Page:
Fall 2019 - CMNS 486 E100
Special Topics in Communication (4)
Class Number: 10595
Delivery Method: In Person
Intensive analysis of a particular topic in the general area of communication and/or attention to the work of a particular writer or school of thought. This course can be repeated for credit up to a maximum of three times, if topic studied is different.
Today, we find confident announcements that AI (Artificial Intelligence) will bring about humanoid robots, the end of work, perhaps the obsolescence of humanity. But such prognoses look rather different when we consider their own history. Technological fantasies are often recycled over decades, leaving unbuilt prototypes and outmoded theories in their wake, sustaining the same old social problems.
From the 20th century legacy of cybernetics to 1970’s debates around artificial intelligence, from early modern systems of calculation and surveillance to today’s smart doorbells and predictive policing systems, we find a long history of moral dilemmas, enduring biases and unresolved social problems. The latest smart machines too often reprise the classic gender roles of the Jetsons (itself a Flintstones of the future), a pattern also repeated in our most contemporary fictions (e.g. Blade Runner 2049).
This seminar equips students with a richer, more balanced understanding of how we think and talk about data and AI today. It develops situational awareness of relevant contemporary research in history of science and technology, STS, media and communication studies, as well as machine ethics and critical algorithm studies. There is a strong focus on bringing historical and philosophical lessons back to the pressing debates of today – around data privacy and surveillance, Big Tech and anti-trust proposals, fake news and hate speech.
COURSE-LEVEL EDUCATIONAL GOALS:
This is a seminar course with an emphasis on in-class discussion around the readings, relevant research, current affairs, and moral / ethical dilemmas.
The objective is to develop a more historically, culturally, and philosophically informed position to better address ongoing societal issues surrounding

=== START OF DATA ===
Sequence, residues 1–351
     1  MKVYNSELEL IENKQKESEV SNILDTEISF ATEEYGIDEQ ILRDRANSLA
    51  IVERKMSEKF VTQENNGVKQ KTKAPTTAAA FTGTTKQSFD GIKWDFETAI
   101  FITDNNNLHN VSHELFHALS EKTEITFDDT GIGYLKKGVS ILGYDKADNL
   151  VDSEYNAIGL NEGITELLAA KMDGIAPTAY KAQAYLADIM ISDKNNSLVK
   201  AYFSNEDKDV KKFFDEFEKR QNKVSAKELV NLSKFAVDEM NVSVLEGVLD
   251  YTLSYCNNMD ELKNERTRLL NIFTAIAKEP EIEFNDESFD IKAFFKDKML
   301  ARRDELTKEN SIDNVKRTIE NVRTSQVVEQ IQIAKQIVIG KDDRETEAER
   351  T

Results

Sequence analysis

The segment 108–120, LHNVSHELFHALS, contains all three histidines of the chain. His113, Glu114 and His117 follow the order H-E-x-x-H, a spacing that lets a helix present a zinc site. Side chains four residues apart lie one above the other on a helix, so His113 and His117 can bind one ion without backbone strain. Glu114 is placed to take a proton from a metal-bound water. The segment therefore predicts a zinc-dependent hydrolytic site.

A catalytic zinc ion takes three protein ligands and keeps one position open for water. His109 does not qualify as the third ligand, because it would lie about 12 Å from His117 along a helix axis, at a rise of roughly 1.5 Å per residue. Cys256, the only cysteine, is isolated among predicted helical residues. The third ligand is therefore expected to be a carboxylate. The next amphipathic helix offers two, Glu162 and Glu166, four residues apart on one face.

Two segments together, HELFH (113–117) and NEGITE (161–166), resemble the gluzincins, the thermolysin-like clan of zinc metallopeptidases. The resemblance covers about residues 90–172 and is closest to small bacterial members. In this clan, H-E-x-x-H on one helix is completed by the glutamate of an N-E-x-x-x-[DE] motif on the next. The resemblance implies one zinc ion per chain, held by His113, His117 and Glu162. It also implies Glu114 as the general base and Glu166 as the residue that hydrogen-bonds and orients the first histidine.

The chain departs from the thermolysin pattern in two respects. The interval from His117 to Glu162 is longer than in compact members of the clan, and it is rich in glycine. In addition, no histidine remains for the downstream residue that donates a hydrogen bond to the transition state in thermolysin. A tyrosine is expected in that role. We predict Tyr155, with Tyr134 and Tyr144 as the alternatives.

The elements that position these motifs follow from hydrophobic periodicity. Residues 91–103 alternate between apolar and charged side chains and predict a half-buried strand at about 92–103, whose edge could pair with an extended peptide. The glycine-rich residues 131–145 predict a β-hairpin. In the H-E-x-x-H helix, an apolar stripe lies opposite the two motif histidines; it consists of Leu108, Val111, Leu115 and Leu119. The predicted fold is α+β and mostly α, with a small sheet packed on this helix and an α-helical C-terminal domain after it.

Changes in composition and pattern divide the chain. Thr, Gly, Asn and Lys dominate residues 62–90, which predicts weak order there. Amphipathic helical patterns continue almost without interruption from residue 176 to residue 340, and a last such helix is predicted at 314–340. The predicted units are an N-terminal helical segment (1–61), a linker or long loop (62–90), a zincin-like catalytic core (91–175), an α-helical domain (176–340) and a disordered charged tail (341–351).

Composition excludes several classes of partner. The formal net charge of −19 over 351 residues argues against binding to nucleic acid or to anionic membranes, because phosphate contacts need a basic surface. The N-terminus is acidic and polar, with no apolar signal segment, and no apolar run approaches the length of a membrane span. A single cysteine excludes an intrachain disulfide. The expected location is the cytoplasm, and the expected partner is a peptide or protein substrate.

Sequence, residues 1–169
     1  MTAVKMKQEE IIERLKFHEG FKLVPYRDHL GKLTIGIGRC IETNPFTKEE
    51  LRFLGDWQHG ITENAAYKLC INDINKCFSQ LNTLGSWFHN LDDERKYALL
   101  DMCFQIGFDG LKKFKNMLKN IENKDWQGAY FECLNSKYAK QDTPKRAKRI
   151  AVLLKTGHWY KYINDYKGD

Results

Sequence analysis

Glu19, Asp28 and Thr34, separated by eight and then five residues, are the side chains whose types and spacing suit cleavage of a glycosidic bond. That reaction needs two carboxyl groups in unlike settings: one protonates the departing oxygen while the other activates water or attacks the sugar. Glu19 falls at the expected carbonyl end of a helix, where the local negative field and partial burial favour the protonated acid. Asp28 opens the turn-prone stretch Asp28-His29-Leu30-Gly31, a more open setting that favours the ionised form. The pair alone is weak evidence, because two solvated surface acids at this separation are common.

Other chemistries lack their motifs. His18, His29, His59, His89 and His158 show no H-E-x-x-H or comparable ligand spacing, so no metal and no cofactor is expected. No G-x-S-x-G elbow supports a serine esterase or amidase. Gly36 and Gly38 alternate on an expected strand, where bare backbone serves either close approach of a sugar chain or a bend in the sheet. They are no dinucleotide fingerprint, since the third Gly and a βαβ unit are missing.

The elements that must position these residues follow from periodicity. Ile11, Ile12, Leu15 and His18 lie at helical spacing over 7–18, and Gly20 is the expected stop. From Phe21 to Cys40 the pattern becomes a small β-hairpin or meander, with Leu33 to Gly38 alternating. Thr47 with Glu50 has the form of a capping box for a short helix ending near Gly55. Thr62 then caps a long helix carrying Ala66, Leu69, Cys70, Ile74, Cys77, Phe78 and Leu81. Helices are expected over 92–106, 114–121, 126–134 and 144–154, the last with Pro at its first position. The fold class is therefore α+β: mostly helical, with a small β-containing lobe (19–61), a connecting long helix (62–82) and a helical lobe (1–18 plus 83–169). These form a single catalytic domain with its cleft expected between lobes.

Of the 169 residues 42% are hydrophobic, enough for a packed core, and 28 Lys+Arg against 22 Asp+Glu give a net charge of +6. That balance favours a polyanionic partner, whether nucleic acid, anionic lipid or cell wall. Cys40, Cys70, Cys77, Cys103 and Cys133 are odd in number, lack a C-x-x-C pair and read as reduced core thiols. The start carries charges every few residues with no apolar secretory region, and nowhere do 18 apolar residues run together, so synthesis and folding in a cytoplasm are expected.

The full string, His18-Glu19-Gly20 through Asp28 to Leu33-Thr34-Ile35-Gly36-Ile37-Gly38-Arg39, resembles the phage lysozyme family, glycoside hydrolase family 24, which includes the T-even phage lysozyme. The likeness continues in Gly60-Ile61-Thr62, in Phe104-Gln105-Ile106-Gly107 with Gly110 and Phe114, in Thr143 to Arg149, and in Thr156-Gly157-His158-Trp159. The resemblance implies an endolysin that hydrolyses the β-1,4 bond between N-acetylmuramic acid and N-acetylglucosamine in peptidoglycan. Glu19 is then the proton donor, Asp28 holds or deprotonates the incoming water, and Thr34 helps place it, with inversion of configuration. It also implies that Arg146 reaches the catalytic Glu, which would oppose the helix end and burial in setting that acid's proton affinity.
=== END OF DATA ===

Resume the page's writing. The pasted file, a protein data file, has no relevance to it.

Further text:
big data and artificial intelligence.
- Attendance & Participation 20%
- In-Class Debate 20%
- Final Project 60%
The school expects that the grades awarded in this course will bear some reasonable relation to established university-wide practices with respect to both levels and distribution of grades. In addition, The School will follow Policy S10.01 with respect to Academic Integrity, and Policies S10.02, S10.03 and S10.04 as regards Student Discipline [Note: as of May 1, 2009 the previous T10 series of policies covering Intellectual Honesty (T10.02) and Academic Discipline (T10.03) have been replaced with the new S10 series of policies.]
Note: A minimum 2.25 CMNS CGPA, and 2.00 overall CGPA, and approval as a communication student is required for entry into most communication upper division courses.
No required textbooks; all readings will be on the syllabus and provided by instructor.
SFU’s Academic Integrity web site http://www.sfu.ca/students/academicintegrity.html is filled with information on what is meant by academic dishonesty, where you can find resources to help with your studies and the consequences of cheating. Check out the site for more information and videos that help explain the issues in plain English.
Each student is responsible for his or her conduct as it affects the University community. Academic dishonesty, in whatever form, is ultimately destructive of the values of the University. Furthermore, it is unfair and discouraging to the majority of students who pursue their studies honestly. Scholarly integrity is required of all members of the University. http://www.sfu.ca/policies/gazette/student/s10-01.html
ACADEMIC INTEGRITY: YOUR WORK, YOUR SUCCESS